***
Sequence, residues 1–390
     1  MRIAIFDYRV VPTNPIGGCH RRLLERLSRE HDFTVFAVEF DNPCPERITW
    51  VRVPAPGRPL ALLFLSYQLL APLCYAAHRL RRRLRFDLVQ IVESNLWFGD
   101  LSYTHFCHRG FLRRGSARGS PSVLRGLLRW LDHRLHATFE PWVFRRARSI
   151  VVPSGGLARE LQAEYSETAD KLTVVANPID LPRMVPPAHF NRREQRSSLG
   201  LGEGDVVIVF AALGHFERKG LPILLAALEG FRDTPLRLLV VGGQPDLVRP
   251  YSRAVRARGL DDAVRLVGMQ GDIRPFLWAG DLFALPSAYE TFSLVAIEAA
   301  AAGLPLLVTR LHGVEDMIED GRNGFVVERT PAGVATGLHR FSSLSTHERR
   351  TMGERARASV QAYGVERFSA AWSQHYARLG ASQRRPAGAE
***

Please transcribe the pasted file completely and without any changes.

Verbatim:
Sequence, residues 1–390
     1  MRIAIFDYRV VPTNPIGGCH RRLLERLSRE HDFTVFAVEF DNPCPERITW
    51  VRVPAPGRPL ALLFLSYQLL APLCYAAHRL RRRLRFDLVQ IVESNLWFGD
   101  LSYTHFCHRG FLRRGSARGS PSVLRGLLRW LDHRLHATFE PWVFRRARSI
   151  VVPSGGLARE LQAEYSETAD KLTVVANPID LPRMVPPAHF NRREQRSSLG
   201  LGEGDVVIVF AALGHFERKG LPILLAALEG FRDTPLRLLV VGGQPDLVRP
   251  YSRAVRARGL DDAVRLVGMQ GDIRPFLWAG DLFALPSAYE TFSLVAIEAA
   301  AAGLPLLVTR LHGVEDMIED GRNGFVVERT PAGVATGLHR FSSLSTHERR
   351  TMGERARASV QAYGVERFSA AWSQHYARLG ASQRRPAGAE